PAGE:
Review: Barb & Star Go to Vista Del Mar

There’s a myth about film criticism that it’s a serious, elitist enterprise, and that film critics want everything we see to have world-changing moral implications. While it’s true that part of a critic’s job is to promote great art–which includes directing viewers toward material they might not engage with otherwise–we don’t think all cinema needs to be difficult to engage with. Movies are art, yes, but they should also be fun.

All this is to say that Barb & Star Go to Vista Del Mar is a tropical blue beacon of absurd joy that has nothing profound to say, and is all the better for it. It arrives just in time to lift viewers’ spirits during an otherwise bummer of a COVID Valentine’s Day weekend. Written by and starring long-time writing partners Annie Mumolo and Kristen Wiig (the pair also wrote 2011’s Bridesmaids), Barb & Star is a weirdo love letter to female friendship, middle age and culottes. Every second of it is strange and wonderful.

Mumolo and Wiig (respectively) are the titular gal pals, 40-something lifelong residents of Soft Rock, Nebraska, with jobs at the “hottest spot in town,” a Jennifer Convertibles furniture showroom. When the store closes down, Barb (Mumolo) and Star (Wiig) face a mid-life crisis. They get their groove back with a vacation to Vista Del Mar, Florida, a fabled paradise where the sun always shines, everyone is friendly and the men are “dressed in Tommy Bahama, head to toe.”

(Lionsgate / Cate Cameron)

Their beachfront joy is complicated by Edgar (Jamie Dornan), an attractive fellow hotel guest with a secret: he’s a spy on a mission for a supervillain (also Wiig) who plans to wipe Vista Del Mar off the map. Star’s attraction to Edgar threatens the ladies’ lifelong friendship. Edgar’s own romantic motivations for doing his manipulative boss’ bidding are also compromised as Star helps him learn what a healthy relationship looks like.

The format of Barb & Star feels like a late 90s comedy where characters with highly specific personalities find themselves facing a high-stakes situation (think Austin Powers or Superstar). Barb and Star have Fargo-adjacent accents with personal taste to match; they sport feathery helmet haircuts in addition to their beloved Chico’s culottes, and are known for their hot dog soup.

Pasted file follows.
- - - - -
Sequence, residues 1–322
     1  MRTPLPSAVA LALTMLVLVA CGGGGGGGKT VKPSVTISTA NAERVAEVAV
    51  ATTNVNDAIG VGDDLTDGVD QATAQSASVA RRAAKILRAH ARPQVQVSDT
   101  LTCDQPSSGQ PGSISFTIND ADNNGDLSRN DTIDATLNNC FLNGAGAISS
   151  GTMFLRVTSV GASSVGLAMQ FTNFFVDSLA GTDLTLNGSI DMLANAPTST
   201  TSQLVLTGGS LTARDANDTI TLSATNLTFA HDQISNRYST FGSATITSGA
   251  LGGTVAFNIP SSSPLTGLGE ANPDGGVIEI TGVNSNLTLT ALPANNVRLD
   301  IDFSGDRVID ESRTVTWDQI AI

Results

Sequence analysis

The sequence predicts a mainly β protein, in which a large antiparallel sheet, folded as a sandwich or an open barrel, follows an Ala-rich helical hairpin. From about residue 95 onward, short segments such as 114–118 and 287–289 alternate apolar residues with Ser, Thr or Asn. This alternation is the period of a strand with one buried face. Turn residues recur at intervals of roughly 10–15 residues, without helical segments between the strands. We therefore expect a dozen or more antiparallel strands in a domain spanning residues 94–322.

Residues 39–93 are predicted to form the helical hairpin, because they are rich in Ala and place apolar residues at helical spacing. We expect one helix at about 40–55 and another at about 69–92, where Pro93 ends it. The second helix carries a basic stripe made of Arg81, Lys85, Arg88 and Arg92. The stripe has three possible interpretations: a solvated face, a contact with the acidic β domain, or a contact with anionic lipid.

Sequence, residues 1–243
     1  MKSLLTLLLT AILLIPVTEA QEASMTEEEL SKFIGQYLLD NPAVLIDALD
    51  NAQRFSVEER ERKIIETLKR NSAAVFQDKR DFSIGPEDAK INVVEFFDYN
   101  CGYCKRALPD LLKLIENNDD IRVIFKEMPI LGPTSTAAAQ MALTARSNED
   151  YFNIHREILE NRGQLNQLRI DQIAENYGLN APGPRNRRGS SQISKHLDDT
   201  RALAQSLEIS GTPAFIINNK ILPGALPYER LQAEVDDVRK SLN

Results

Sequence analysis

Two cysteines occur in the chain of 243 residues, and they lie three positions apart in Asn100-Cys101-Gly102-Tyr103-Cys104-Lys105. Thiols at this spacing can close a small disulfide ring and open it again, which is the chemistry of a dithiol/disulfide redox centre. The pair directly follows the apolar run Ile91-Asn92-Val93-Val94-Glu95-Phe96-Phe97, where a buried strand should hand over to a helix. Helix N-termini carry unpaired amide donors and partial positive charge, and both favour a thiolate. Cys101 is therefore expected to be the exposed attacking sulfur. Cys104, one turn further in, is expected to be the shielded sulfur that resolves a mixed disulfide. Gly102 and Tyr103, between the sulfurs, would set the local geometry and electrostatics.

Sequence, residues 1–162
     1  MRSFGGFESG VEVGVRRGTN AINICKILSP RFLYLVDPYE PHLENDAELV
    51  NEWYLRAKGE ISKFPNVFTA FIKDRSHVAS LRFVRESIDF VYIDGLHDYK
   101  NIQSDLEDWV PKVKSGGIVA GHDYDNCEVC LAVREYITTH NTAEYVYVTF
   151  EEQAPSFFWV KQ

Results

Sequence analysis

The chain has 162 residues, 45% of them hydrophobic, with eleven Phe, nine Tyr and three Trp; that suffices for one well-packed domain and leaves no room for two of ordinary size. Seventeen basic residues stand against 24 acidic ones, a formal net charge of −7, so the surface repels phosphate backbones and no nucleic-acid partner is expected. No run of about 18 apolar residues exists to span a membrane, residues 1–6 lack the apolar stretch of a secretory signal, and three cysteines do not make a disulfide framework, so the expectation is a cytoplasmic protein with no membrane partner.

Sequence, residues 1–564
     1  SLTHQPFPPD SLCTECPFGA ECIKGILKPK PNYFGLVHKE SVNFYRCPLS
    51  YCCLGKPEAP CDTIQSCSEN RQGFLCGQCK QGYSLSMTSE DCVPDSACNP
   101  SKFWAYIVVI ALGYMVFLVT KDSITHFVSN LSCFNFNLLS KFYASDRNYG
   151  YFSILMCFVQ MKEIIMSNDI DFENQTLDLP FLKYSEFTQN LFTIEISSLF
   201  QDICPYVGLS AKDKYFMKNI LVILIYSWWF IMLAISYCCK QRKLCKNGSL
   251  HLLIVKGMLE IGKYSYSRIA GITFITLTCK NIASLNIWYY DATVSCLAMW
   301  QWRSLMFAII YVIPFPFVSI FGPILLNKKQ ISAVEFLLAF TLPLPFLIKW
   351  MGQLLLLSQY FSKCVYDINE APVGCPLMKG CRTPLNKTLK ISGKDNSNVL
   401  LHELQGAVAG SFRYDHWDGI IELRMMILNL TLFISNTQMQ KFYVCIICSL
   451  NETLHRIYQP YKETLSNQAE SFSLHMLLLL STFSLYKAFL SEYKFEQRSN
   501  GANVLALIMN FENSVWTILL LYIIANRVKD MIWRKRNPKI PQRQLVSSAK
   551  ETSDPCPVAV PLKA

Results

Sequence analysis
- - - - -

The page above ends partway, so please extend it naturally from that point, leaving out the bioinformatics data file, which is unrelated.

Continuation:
(Lionsgate / Cate Cameron)

The movie’s sense of humor, however, is much more attuned to Wiig’s idiosyncratic performing sensibilities, as well as The Lonely Island’s style of anarchic humor. Fans of Hot Rod and MacGruber particularly will find a lot to love here, including surprise musical numbers, drugged-out club sequences set to Celine Dion, and bizarre linguistic gaffes. This is a movie in which Jamie Dornan sings a ballad titled “Seagulls in the Sand” on a beach, accompanied by insane balletic choreography. If that’s your kind of joke, Barb & Star is your kind of movie.

Ultimately, Barb & Star Go to Vista Del Mar is about its central pairing, which is clearly informed by Mumolo and Wiig’s real-life partnership, and it’s lovely to see these two ladies genuinely enjoy each other’s company and stick together through thick and thin. The movie may poke fun at their mom-core style and relentless optimism, but it’s never cynical. Midwestern ladies in their 40s deserve fun, adventure and romance as much as anyone else, and audiences deserve an oddball escape during a dreary month in the middle of a pandemic. 


“Barb & Star Go to Vista Del Mar” is now available on demand.

Abby Olcese is a film critic and pop culture writer. In addition to writing for Crooked Marquee, she is also the film editor at The Pitch magazine. Her work has appeared in Sojourners Magazine, Birth. Movies. Death., SlashFilm and more. She lives in Kansas City.

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